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February 2nd, 2016 - Stanford Medicine Scope - by Bruce Goldman

Even perfectly healthy older people don’t always remember names as quickly as they did when they were younger. So what. They also don’t walk as fast. Big deal.

A bigger deal: Older immune systems don’t respond as quickly or as well to invasions by pathogens. That’s in large part because they fail to remember previous encounters with pathogens (or their defanged doppelgängers, which we call vaccines). Why do they forget? Stanford immunologist Jorg Goronzy, MD, may have a handle on part of the reason.

In a study published in Cell Reports, Goronzy and his colleagues have shown that immune cells of a particular type are more likely to be marked, in older people, by a surface protein that sparks apoptosis, or cellular suicide. As a result, the immune system’s memory of pathogens or vaccinations of yore gets cloudy, leaving the door open to a repeat attack by intruders that a more adept immune system would have summarily squelched.

A healthy immune system bulks up vigorously in response to pathogens or vaccines. Different types of immune cells that are skilled at recognizing and/or warring with the foreign body start to multiply and morph. Many of these cells effectively become front-line warriors, throwing themselves into battle against the invading pathogen (or its harmless vaccine lookalike). Others are more like archers lobbing darts that can knock off the bad guys while sparing innocent bystanders (the body’s own tissues). Still others, known as CD4 cells, coordinate the whole counterattack, sending chemical signals to other cells, or rubbing up against them at close range to whisper secret instructions.

Once the tide of the battle has turned, the numbers of these valiant troops drop back down to peacetime levels — they die off. That’s as it should be. Milling masses of surplus immune warrior cells with time on their hands can cause problems, in the form of autoimmune or inflammatory disease. (Heck, even the U.S. Constitution — see Article I, Section 8, Clause 12 — expressly prohibits appropriation of funds for a standing army for periods of longer than two years.)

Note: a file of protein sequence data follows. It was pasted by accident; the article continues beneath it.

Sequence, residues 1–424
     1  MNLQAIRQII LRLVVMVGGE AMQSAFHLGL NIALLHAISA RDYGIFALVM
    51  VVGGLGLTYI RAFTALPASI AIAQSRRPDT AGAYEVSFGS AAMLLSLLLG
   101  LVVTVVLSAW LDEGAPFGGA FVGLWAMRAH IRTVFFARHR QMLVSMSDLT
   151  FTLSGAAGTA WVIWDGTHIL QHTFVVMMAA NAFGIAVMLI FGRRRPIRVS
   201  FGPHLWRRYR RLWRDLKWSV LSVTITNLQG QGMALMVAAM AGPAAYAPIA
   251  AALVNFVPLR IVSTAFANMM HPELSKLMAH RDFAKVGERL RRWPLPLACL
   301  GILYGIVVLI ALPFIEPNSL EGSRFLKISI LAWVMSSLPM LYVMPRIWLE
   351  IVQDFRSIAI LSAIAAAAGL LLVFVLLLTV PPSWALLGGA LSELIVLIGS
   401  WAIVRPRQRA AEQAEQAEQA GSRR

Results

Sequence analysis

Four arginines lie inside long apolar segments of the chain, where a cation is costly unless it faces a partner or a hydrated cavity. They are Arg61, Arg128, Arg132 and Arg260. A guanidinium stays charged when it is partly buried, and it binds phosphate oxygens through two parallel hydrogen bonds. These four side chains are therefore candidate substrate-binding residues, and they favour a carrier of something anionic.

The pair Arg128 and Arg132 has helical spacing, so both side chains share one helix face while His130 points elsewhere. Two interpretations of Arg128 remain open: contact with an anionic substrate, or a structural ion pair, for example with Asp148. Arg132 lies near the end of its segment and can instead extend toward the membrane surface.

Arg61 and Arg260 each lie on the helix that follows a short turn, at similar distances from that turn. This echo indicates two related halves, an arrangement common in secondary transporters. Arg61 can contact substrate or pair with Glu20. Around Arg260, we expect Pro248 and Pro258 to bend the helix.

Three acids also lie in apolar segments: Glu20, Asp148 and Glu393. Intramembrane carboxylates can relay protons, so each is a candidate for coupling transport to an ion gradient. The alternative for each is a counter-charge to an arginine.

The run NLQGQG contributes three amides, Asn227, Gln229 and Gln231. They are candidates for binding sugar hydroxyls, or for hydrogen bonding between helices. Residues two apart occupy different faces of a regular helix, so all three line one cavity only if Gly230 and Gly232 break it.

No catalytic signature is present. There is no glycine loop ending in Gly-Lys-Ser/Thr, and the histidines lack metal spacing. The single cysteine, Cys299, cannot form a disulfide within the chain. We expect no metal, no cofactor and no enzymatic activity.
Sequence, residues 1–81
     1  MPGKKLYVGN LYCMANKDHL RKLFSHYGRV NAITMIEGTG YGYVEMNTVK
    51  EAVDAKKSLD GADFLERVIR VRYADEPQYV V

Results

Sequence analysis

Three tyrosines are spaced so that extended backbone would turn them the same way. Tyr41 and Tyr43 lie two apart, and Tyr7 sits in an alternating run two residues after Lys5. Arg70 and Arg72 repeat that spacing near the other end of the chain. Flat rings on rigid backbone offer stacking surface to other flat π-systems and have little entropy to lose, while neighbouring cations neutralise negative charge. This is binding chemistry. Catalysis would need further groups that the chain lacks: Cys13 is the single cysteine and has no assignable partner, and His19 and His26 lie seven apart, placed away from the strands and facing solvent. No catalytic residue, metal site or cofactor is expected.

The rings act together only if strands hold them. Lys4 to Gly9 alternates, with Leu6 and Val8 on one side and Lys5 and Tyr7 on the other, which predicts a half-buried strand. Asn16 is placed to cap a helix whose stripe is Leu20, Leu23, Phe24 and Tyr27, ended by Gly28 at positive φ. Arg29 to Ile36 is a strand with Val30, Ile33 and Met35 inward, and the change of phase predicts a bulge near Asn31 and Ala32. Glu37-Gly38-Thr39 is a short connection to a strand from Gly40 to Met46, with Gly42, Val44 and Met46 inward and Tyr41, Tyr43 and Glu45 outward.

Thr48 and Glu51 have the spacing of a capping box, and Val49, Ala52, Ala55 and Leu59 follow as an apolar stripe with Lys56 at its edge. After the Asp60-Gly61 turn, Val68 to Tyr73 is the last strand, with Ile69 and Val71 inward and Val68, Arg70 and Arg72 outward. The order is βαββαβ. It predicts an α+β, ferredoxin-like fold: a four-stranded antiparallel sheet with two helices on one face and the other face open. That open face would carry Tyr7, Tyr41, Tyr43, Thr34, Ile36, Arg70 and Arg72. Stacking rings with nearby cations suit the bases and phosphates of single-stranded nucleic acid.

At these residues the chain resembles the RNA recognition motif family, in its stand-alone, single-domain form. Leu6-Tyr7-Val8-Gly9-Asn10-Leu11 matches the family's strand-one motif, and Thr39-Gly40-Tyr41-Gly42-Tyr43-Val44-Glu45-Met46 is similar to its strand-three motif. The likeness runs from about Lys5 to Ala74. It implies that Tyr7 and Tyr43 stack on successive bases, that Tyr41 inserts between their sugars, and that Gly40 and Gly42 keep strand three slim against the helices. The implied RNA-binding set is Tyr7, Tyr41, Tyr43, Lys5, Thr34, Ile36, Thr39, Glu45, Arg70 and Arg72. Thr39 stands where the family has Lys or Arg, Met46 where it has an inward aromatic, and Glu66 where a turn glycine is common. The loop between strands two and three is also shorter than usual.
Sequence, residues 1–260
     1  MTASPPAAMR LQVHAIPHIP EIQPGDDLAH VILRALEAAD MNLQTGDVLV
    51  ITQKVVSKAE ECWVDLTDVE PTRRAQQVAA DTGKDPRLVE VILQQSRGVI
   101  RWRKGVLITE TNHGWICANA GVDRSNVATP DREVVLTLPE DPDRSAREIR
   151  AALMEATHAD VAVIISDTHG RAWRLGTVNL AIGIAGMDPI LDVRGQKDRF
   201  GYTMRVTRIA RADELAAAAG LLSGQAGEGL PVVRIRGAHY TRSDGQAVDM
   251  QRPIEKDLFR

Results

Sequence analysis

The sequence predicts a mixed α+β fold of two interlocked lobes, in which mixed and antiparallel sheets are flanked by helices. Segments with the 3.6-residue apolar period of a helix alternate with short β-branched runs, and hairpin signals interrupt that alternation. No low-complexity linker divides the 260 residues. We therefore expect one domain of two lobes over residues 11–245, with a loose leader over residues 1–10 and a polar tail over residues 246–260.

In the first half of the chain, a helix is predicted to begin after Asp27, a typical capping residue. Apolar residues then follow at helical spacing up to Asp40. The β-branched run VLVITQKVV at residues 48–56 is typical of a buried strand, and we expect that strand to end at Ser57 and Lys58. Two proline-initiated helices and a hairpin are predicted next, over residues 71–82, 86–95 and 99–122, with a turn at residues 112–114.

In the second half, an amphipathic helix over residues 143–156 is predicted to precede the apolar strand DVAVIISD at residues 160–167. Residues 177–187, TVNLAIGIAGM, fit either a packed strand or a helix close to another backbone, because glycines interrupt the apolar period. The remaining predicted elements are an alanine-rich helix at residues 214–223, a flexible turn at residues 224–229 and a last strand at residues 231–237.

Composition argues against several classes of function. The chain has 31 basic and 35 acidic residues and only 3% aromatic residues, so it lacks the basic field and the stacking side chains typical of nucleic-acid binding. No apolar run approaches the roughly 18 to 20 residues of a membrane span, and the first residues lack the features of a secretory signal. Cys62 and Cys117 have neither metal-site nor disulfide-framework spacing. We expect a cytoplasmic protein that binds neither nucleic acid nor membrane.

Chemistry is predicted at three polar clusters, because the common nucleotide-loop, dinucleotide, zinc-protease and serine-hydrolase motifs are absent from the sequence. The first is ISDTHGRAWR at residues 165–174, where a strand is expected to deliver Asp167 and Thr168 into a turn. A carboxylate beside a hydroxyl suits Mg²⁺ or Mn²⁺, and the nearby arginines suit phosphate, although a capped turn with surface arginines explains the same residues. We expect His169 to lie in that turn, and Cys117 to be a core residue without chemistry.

Still, an elite intelligence corps of long-lived CD4 cells remains in uniform and on patrol long after a disease (or the “ouchie” of a vaccine) subsides, ready to blow the whistle on any attempted re-entry by marauding pathogens. The persistence of these “memory” CD4 cells – sometimes for many decades after their original exposure – are why we resist so many diseases we’ve had before.

But by comparing immune cells from younger versus older donors, Goronzy and his teammates found aging people’s immune “memory” cells are much likelier than young peoples’ to carry a surface protein that exhausts energy supplies within those cells, tripping off a suicide signal inside the cells. That ends their lives, leaving older people depleted of their veteran immune lookouts.

Exactly why this happens, or what would result from reversing it, isn’t fully clear yet. But identifying a problem is the first step toward fixing it.

Originally published at Stanford Medicine Scope Blog